You see them everywhere. They hit the popularity charts about 10 or so years ago as homeowners set their sights on tall narrow trees for screening in the residential garden. The Swedish Columnar Aspen is an excellent screening tree for privacy or as a sole specimen because they are so tall and narrow, taking little room in the garden visually while providing for the homeowners or commercial management's desires for treescaping. (think of the Cypress in Italy to visualize the form)
Here are a few particulars about this columnar aspen:
Name: Populus tremula (Swedish Columnar Aspen)
Zone rating: 2 (Canada)
Height: 30-45 feet at maturity (9.1--14 m tall)
Width: 5-8 feet wide (1.5--2.4 m)
Fast growing: interpret as more than 1 foot per year
Description: A nice columnar tree with a dense canopy. Excellent wind break or screen for privacy. Leaves are green on both sides and have somewhat wavy edges. Tend to branch near to the ground. All trees sold are male so they will not produce the fluff to which so many are allergic. Note: Lois Hole's book, Favorite Trees and Shrubs, states it "can be planted next to a house as its smaller shallow roots are not invasive." (page 85)
That was the love part...
now for the hate.....
A few years ago my next door neighbour planted Swedish Columnar Aspen (populus tremula) near his fence, between our properties and that of his and his other neighbour's yards. These saplings were maybe 5-6 feet tall and you could only see the tips over the fence. At that time I was working at the garden centre and the staff were in discussions with horticulturists to determine just how suitable the Swedish Columnar Aspens were for foundation plantings. One or more horticulturists had the idea that these are fine to plant, even next to a house, because their roots are supposedly non-invasive. The Alberta Tree Nursery (a government funded agriculture and tree research site), however, disagreed citing 'they are members of the poplar family'. They would not recommend planting them anywhere near buildings. All of us in the nursery/greenhouse business have heard of the damage poplars can cause to sewers and foundations. But these were different, or so we thought. So, it was unclear then....................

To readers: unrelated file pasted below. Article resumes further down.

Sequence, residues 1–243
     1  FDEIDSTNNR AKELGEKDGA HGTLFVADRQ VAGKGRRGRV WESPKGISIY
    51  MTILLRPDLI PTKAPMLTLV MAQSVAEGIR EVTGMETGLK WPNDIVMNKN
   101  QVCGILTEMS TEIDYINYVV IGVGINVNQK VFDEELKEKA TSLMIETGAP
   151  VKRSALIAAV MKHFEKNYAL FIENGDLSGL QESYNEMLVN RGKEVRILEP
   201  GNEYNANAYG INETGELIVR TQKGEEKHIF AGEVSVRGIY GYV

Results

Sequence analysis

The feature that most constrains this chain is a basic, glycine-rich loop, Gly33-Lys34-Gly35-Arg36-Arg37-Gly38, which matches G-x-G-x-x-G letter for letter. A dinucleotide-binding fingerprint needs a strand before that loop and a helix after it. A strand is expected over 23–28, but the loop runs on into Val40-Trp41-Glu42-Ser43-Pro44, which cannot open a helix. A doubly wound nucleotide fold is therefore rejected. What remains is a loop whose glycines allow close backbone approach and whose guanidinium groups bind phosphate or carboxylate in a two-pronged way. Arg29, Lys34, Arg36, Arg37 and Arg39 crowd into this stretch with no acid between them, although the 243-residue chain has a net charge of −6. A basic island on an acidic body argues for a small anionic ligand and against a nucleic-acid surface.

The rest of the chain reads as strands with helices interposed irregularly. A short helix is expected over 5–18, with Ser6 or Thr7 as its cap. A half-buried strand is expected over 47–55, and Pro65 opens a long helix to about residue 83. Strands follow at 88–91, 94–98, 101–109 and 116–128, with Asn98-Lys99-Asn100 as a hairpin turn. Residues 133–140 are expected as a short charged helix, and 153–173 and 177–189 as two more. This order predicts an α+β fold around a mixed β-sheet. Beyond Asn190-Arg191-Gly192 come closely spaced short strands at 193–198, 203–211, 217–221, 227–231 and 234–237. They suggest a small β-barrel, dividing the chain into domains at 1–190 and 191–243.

Now, perhaps 8 years later, these same trees have nearly reached their mature height of 30 feet (maturity can range between 30-45 feet) and I must admit I like the appearance of them. They are tall and narrow and the sound of their leaves rustling in the slightest breeze is soothing to hear.
PROBLEM......Those roots are not non-invasive! They have meandered over to our property, with shoots sprouting up in the lawn and next to the foundation of our house (some 15 feet away). Needless to say, I am not terribly impressed. Now, logically it makes sense that the roots would spread outward as they must anchor the tree in place. The Swedish Columnar Aspen does not have tap roots, therefore, lateral roots are necessary to retrieve nutrients and to act as anchors.
If you were to look over the neighbour's fence, you could see several more shoots coming up in their
poorly maintained lawn. So, one tends to rethink the non-invasive label -- does one classify the roots as non-invasive only if they don't enter the sewer lines? All the lines are in the front of the houses in our subdivision so that is not a concern. The foundation is a major concern, though. Based on the evidence I have witnessed first hand, I would not consider these non-invasive!
Has anyone else had experiences like this with Swedish Columnar Aspen? Would you still plant Swedish Columnar Aspen in your garden, or as a foundation plant, after seeing this? I suggest the ideal location to plant this tree would be on the back perimeter of the property where roots cannot interfere with foundations or lines. Yes, I would. It's the whole love/hate thing.
If a Swedish Columnar Aspen is planted in a parking lot, surrounded by concrete, is it then non-invasive? I'm just asking..... (tongue in cheek)